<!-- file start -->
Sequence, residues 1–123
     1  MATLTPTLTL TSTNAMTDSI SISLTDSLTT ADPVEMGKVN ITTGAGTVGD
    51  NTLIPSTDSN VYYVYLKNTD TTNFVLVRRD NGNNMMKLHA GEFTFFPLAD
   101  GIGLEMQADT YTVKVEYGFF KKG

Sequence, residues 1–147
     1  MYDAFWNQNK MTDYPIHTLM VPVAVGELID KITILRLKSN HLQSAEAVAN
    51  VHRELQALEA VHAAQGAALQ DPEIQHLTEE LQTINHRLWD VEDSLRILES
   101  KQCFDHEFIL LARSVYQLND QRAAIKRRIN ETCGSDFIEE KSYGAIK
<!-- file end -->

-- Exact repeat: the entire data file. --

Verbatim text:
Sequence, residues 1–123
     1  MATLTPTLTL TSTNAMTDSI SISLTDSLTT ADPVEMGKVN ITTGAGTVGD
    51  NTLIPSTDSN VYYVYLKNTD TTNFVLVRRD NGNNMMKLHA GEFTFFPLAD
   101  GIGLEMQADT YTVKVEYGFF KKG

Sequence, residues 1–147
     1  MYDAFWNQNK MTDYPIHTLM VPVAVGELID KITILRLKSN HLQSAEAVAN
    51  VHRELQALEA VHAAQGAALQ DPEIQHLTEE LQTINHRLWD VEDSLRILES
   101  KQCFDHEFIL LARSVYQLND QRAAIKRRIN ETCGSDFIEE KSYGAIK